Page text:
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UFO-flying-Airbus
5th Feb 2015, 10:40
Hello all,

A Captain colleague of mine and I have been discussing where this formula comes from, does anyone know?
We can't seem to find it in any Airbus related document(s).

At our airline (an Asian Carrier flying the A330-200) most crews take the actual trim value and take that value away from 35. They then divide the resulting number by 2 to obtain the Take off trim setting.

For example;

Take off CG = 30.
35-30 = 5.
5 divided by 2= 2.5 (UP).

So I'm just curious as to where this comes from. Could anyone perhaps provide a reference?

5th Feb 2015, 10:46
You forgot to add the square root of pi, then subtract .042, then add 1.

5th Feb 2015, 13:26
Question: why are you guessing at the trim setting and not using what the loadsheet specifies?

Is it some sort of cross check?

C_Star
5th Feb 2015, 13:30
Why don't you jest set c.g directly on the pitch trim wheel?

5th Feb 2015, 13:42
Way too easy.

MD83FO
5th Feb 2015, 13:46
I've seen that some airlines still use the trim units when it seems completely useless. where in the FCOM can i find support so i can stop the useless practice of inserting the trim units on the MCDU.

woodja51
5th Feb 2015, 13:47
The formula comes from the linear relation ship of the two values... If you look on the QRH there is a small " nomo graph " that starts at 35% etc. So if you subtract the Mac from 35 and divide by 2 it lines up the two variables.

You set stab NU etc in the MCDU performance and this is part of the trigger for stab not set warnings etc.

I recall that in non auto trim setting 330s this is how you set the trim whereas in the auto trim type , it sets it after the first engine start to the ECAM value of CoG.

That is why some companies seem to check and state the stab with reference to % , and others state the stab value.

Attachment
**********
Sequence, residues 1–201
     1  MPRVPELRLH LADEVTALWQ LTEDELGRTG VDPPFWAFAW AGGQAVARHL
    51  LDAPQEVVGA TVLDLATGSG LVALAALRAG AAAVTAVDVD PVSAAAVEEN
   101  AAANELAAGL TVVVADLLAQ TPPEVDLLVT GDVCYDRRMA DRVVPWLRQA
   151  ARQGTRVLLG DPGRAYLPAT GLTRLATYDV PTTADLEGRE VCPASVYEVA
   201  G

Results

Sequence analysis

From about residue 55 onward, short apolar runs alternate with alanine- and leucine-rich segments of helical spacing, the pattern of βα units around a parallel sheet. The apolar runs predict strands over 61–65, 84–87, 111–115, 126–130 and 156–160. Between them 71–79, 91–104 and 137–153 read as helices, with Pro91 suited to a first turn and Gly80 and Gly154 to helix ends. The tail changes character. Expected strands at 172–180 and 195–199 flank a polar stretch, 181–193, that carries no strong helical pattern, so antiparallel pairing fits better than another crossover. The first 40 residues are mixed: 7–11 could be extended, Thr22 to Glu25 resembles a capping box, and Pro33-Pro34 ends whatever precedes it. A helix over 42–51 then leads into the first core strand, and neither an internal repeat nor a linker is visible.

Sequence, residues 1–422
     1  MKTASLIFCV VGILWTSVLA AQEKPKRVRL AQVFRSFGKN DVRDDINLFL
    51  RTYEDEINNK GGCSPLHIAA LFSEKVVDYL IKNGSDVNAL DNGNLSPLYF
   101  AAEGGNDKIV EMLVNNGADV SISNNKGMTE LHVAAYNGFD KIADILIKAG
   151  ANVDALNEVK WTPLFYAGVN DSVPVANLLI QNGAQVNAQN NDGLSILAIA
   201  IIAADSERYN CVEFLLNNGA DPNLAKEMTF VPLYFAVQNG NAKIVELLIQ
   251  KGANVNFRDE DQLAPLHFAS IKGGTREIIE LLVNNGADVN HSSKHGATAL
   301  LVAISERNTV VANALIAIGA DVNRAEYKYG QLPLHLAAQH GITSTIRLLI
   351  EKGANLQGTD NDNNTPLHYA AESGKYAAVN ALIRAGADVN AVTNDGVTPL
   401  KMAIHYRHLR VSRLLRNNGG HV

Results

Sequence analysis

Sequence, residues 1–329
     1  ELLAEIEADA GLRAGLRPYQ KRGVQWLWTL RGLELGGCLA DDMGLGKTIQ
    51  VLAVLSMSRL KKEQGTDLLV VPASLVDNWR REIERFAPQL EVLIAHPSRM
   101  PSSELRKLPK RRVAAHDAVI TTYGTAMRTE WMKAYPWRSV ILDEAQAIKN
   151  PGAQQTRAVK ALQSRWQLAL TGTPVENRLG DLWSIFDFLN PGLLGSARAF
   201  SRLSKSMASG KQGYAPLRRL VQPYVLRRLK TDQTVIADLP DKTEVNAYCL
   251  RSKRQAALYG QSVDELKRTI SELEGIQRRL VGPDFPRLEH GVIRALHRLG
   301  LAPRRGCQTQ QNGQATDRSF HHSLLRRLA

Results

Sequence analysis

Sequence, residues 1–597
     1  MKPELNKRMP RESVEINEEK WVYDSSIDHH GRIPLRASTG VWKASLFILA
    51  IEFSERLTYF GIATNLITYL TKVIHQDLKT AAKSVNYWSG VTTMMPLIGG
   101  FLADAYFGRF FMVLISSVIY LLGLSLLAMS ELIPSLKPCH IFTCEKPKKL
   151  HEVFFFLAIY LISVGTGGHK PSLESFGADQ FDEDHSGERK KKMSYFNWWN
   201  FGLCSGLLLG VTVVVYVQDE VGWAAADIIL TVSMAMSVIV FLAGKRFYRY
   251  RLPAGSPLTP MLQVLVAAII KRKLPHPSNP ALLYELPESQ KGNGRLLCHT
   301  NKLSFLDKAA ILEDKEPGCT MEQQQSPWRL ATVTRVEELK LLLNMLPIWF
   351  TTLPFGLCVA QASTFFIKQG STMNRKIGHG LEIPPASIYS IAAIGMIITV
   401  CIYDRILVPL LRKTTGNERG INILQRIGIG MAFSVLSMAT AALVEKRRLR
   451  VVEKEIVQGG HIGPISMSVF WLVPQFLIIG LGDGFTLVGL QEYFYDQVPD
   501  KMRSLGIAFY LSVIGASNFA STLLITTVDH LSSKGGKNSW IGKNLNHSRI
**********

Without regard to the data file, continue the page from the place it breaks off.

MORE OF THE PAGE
Either way , the value should be set accurately by the PNF. I think it is just to ensure the MCDU Value is close enough to the actual set value to prevent the config warning if >2%? But I have been known to be wrong !

UFO-flying-Airbus
5th Feb 2015, 19:25
Thanks Woodja51,

That logic seems perfectly correct. And indeed it works. I was just wondering why there is no reference to it anywhere?

C Star mentioned 'why not just set C.G. directly on the pitch trim wheel'?- You're quite right and we (at least I) do. Yet most other pilots use that formula.

The result is the same however it's part of the discipline of our profession, in my humble opinion, to treat with suspicion any colloquial 'formula'/procedure' which the manufacturer has (apparently) absolutely no data on.

I'm not saying that to do so is 'wrong' (since it clearly produces the very same result) but a piece of, even semi-official, data regarding such a formula would be nice to see. If no such data exists then so be it :-)

woodja51
5th Feb 2015, 21:24
You might note that the stab from the load sheet is not always the exactly the same as the actual one measured by the ECAM.

After fuel is in (it could be out by some LMC , a bit more gas on board etc .. even though fuel LMCs are (generally) not allowed for at least the 330, and

The FMC initialised etc.

Hence often you,get the" ZFW/CG ECAM "disagree warning on occasion after setting up the init page. Which everyone seems to (mindlessly) clear but it is just a warning of an input disagreement.

If one simply put the load sheet stab into the box, the auto trim system will set the ECAM CG ( lower ND value). However then when you set/check the stab in the after start checks the FTCTL page will be slightly different. If it's within 2% ( one unit?) no one cares ....

But some folks like accuracy , and of course the PNF may then adjust the THS to match the MCDU, which is not exactly the same as the accurate CG from the system.

Not a biggy but incorrect stabs have/ reduce tail strike margins etc so there might be a level of paranoia , especially in longer Airbii , to make it more accurate than the 2% allowed??

They are just my ideas , no factual basis other than 16 years on 330.

john_tullamarine
5th Feb 2015, 22:59
I was just wondering why there is no reference to it anywhere?